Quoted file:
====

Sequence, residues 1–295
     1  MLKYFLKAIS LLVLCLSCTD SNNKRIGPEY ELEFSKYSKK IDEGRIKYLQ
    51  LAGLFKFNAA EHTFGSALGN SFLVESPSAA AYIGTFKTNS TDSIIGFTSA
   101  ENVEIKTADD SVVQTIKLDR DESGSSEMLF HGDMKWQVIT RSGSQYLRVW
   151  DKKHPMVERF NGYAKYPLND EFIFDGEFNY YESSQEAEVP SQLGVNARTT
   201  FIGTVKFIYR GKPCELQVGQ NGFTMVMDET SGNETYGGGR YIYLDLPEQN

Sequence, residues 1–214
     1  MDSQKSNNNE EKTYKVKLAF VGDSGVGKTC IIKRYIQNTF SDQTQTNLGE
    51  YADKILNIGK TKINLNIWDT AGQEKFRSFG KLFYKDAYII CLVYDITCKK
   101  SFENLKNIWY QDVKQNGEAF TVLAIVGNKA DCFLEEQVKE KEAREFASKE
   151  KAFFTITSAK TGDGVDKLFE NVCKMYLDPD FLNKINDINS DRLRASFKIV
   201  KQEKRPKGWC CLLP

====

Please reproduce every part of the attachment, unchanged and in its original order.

Sequence, residues 1–295
     1  MLKYFLKAIS LLVLCLSCTD SNNKRIGPEY ELEFSKYSKK IDEGRIKYLQ
    51  LAGLFKFNAA EHTFGSALGN SFLVESPSAA AYIGTFKTNS TDSIIGFTSA
   101  ENVEIKTADD SVVQTIKLDR DESGSSEMLF HGDMKWQVIT RSGSQYLRVW
   151  DKKHPMVERF NGYAKYPLND EFIFDGEFNY YESSQEAEVP SQLGVNARTT
   201  FIGTVKFIYR GKPCELQVGQ NGFTMVMDET SGNETYGGGR YIYLDLPEQN

Sequence, residues 1–214
     1  MDSQKSNNNE EKTYKVKLAF VGDSGVGKTC IIKRYIQNTF SDQTQTNLGE
    51  YADKILNIGK TKINLNIWDT AGQEKFRSFG KLFYKDAYII CLVYDITCKK
   101  SFENLKNIWY QDVKQNGEAF TVLAIVGNKA DCFLEEQVKE KEAREFASKE
   151  KAFFTITSAK TGDGVDKLFE NVCKMYLDPD FLNKINDINS DRLRASFKIV
   201  KQEKRPKGWC CLLP